Debug vs non-debug builds

To turn off assert() processing in a production build, just add -DNDEBUG to CPPFLAGS, e.g.

./configure CPPFLAGS="-DNDEBUG"

Using Google malloc

Just add tcmalloc to LDFLAGS

{{{ ./configure LDFLAGS="-ltcmalloc" }}}

Using Google performance profiling libs

{{{ ./configure LDFLAGS="-lprofiler" }}}

Legacy UNIX build configuration (reSIProcate <= 1.7)

The legacy build system uses a custom configuration script that can be used to select various options within the project, as well as what parts of the project are built. By default, if you just type 'make', the configuration script is invoked by the makesystem, and some (mostly) sane defaults are chosen for you.

However, if you want to take advantage of the advanced, new, and/or experimental features available within resiprocate, you really want to take advantage of the configuration system. Currently, you have three options:

  • ./configure - Invoke the configuration system in a text questionnaire mode. This can be tedious, but should work under all terminal environments.
  • ./configure -m - Invoke the configuration system in a (somewhat experimental) text-based menu mode. This is much easier to use, but requires a vt100-compatible that is tall enough to accommodate all the configuration options.
  • ./configure -y - Invoke the configuration system in a non-interactive mode. Configuration options will be set to defaults if they don't yet exist, and then any configuration-changing commandline switches will be applied. If the system is already configured, no options will be changed except as specified by commandline switches.

Note that the defaults chosen for some options vary from platform to platform, and even according to what is installed on the system when configuration is invoked.

The various options currently available in the configuration system are:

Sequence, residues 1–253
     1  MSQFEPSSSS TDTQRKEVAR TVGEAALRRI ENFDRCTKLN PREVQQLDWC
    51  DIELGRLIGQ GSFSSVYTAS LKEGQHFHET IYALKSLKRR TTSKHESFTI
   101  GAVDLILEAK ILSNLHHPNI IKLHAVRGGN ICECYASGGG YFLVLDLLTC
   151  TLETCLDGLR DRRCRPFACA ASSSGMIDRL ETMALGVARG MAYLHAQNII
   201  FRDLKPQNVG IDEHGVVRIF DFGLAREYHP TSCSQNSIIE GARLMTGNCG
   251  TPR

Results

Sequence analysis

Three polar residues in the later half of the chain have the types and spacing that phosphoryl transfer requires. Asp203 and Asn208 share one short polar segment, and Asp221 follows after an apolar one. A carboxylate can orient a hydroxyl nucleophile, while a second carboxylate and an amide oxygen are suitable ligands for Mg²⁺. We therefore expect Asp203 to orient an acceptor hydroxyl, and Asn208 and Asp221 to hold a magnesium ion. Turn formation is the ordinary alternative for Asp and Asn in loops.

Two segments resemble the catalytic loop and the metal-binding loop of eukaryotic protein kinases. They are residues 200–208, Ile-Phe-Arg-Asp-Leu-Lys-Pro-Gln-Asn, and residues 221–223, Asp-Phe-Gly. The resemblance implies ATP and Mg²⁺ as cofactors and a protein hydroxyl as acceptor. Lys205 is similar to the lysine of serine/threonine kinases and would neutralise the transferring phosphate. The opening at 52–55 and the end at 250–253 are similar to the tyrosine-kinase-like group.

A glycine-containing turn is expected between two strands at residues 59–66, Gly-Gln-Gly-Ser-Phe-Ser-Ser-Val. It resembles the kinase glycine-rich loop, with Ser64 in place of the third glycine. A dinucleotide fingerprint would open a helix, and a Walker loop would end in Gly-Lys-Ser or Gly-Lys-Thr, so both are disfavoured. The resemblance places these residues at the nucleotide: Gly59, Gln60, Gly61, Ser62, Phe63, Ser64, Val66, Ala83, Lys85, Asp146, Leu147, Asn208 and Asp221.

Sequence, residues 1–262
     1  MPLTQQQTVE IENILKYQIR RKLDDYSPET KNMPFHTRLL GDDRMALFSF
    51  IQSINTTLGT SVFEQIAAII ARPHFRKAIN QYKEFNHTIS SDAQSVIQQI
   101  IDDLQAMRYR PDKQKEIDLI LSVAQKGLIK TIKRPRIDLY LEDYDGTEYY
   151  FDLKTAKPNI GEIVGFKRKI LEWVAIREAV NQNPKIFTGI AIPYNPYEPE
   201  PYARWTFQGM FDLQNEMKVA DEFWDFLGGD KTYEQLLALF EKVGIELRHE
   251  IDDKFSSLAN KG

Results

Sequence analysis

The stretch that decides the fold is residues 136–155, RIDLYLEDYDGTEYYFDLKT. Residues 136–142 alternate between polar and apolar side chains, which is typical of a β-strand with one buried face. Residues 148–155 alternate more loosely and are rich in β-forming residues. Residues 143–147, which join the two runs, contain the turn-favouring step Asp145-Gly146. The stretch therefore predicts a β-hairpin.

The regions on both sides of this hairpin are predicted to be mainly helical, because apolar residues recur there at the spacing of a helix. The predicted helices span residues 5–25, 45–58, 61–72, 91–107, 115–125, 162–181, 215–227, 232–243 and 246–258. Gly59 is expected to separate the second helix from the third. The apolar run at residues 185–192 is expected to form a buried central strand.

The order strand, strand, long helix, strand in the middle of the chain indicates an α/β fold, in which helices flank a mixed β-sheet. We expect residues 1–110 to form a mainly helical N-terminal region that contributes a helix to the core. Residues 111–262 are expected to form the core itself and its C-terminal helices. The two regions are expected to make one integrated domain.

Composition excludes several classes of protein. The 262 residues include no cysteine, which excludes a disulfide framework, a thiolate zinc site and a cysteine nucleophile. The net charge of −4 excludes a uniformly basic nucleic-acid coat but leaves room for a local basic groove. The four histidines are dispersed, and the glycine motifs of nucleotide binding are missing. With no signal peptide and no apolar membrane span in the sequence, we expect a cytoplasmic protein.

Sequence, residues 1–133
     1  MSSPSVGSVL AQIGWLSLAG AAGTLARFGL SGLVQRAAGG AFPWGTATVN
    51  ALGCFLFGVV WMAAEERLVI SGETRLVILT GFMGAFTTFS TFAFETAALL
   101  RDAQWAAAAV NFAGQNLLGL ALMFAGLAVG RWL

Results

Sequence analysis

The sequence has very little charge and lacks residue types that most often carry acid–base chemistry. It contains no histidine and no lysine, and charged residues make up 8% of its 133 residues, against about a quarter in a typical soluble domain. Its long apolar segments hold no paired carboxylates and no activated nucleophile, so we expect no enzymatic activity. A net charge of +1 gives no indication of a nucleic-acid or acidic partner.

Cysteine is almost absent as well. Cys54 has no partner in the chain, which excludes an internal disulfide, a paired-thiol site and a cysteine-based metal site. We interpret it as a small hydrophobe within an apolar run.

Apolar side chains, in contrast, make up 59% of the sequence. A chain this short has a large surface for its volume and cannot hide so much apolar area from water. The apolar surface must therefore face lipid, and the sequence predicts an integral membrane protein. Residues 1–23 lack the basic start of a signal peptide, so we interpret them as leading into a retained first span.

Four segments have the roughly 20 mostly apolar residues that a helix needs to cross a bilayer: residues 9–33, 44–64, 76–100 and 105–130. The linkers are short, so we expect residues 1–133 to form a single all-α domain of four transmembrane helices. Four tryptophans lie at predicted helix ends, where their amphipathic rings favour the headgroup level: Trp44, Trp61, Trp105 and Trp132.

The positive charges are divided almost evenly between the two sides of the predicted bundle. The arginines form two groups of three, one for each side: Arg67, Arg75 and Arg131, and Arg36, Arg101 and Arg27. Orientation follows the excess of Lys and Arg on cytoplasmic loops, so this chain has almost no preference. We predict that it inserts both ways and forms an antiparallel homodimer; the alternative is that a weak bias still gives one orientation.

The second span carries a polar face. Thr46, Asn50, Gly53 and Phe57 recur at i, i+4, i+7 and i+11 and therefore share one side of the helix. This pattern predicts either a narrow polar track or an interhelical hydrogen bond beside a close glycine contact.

--with-toolchain="..."
       Which toolchain do you want to use?
       Valid values are: [gnu, intel, sunpro, msgnu, gnu-cross]
     --with-cross-platform="..."
       What is the name your toolchain uses for the cross platform?
     --with-cross-tool-prefix="..."
       What is the prefix for the cross-compiler binaries?
     --with-cross-compiler-dir="..."
       Where is your cross compiler installed?
     --with-compile-type="..."
       What compile profile will you use?
       Valid values are: [debug, nodebug, opt, gopt, prof, small]
     --enable-shared-libs
     --disable-shared-libs
       Should the resip libraries be built shared?
     --enable-force-pic
     --disable-force-pic
       Should position-independent-code (PIC) be generated even when
       not building shared libraries? This only applies on x86_64/amd64
       architecture and only when NOT building shared libraries. When enabled,
       the generated static libraries will be PIC, and can then be linked
       into "jumbo" shared libraries.
     --enable-distcc
     --disable-distcc
       Will you be using distcc?
     --enable-ccache
     --disable-ccache
       Will you be using ccache?
     --enable-repro
     --disable-repro
       Build the Repro proxy server?
     --repro-db="..."
       Which database should be used with Repro?